In this blog, I am covering the scenario of migrating the SQL Server database from On premise environment to SQL Azure Virtual machine.
There are multiple ways to migrate the application database hosted in On premise to Azure Virtual machine. Few to mention are:
- Use the Deploy a SQL Server Database to a Microsoft Azure VM wizard
- Perform on-premises backup using compression and manually copy the backup file into the Azure virtual machine
- Perform a backup to URL and restore into the Azure virtual machine from the URL
- Detach and then copy the data and log files to Azure blob storage and then attach to SQL Server in Azure VM from URL
- If you have an AlwaysOn deployment on-premises, use the Add Azure Replica Wizard to create a replica in Azure and then failover, pointing users to the Azure database instance
- Use SQL Server transactional replication to configure the Azure SQL Server instance as a subscriber and then disable replication, pointing users to the Azure database instance
In this blog, I am demonstrating SQL Database Migration Wizard tool for database migration.
Existing On-premise Application database configuration:
To demonstrate: hosted web based application page Onprem.aspx hosted on Microsoft IIS Web Server. The application connects to On-premise SQL Server database hosted on the localhost server and query the database.
The execution of the query completed in 0.02 milliseconds.
Creating a SQL Server Virtual machine:
To build, manage, monitor the Virtual machine on Microsoft Azure cloud, using the unified console “Microsoft Azure Portal”
Next step is to create a new Virtual machine with Microsoft SQL Server 2016:
Creating a SQL Server Azure Virtual machine involves the below steps:
- Configure basic settings: specifying the name of VM and resource group
- Choose Virtual machine size: To specify the VM resources
- Configure Optional features: To specify the Storage account, network, high availability options
- Configure SQL Server Settings: To specify SQL Port, authentication details
Once the request is submitted, a new Virtual machine is deployed.
To connect to the Virtual machine, we need to use the DNS name mapped with the Virtual machine host name. To connect to the SQL Server instance hosted on Windows Azure, make sure that the port on which SQL Server is listening on is opened on Windows Firewall.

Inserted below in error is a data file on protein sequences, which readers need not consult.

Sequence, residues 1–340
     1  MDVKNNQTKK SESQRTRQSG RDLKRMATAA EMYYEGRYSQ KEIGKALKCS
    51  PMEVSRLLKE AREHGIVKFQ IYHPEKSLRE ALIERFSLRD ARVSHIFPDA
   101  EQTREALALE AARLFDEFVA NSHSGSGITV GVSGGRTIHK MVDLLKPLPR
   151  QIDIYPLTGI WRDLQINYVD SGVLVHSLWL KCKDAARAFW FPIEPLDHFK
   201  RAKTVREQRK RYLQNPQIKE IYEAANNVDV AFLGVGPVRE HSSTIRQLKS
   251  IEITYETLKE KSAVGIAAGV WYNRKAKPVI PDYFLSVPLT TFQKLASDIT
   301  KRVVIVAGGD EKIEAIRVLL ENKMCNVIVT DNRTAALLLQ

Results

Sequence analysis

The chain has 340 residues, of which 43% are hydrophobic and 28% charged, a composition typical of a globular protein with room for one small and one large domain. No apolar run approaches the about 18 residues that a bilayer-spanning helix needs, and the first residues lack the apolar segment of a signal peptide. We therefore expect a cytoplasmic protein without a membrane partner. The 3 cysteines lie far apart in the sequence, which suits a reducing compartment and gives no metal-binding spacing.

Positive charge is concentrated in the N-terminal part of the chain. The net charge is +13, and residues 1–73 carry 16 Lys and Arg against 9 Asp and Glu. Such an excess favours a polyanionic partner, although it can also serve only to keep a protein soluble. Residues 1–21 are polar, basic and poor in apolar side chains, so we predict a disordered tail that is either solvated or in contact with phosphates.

Connecting to SQL Server instance using Microsoft SQL Server management Studio tool (SSMS):.
Below screenshot indicates that, the connection was successful.
Migrating on Premise Application database to SQL Azure Virtual machine (IaaS):
To migrate the application database from On-premise to Azure VM, I am using SQL Database Migration Wizard tool. The tool can be downloaded from: https://sqlazuremw.codeplex.com/
Once the SQL Migration Wizard tool is installed, migrate the database to SQL Server hosted in Windows Azure Virtual machine:
Select the target Server as: SQL Server.
Source database is the database hosted in On-premise environment. For demonstration, I am using the database: AdventureWorks2014.
The tool gives an option to specify the objects which are to be migrated.
The tool, collects the script of all the objects in the database and prepare a Bulk Copy command to be executed on Target SQL instance.
The next step is to specify the Target SQL Server database which is hosted on Azure Virtual machine.
The tool executes the script generated on the source server and executes on the destination Azure Virtual machine SQL instance.
Testing the application
Now to test the SQL query execution on the database hosted on Azure VM, in the connection string of the application, pass the DNS name of the Azure Virtual machine which is hosting the SQL Server instance.
To test the database connectivity, I have designed a page named IAAS.aspx.
As per the below screenshot, the connectivity to the SQL database hosted on Azure VM is successful and the query execution completed in 0.52 seconds.
Please share your feedback, questions and/or suggestions.
Don Castelino | Premier Field Engineer | Microsoft
Disclaimer: All posts are provided AS IS with no warranties and confer no rights. Additionally, views expressed here are my own and not those of my employer, Microsoft.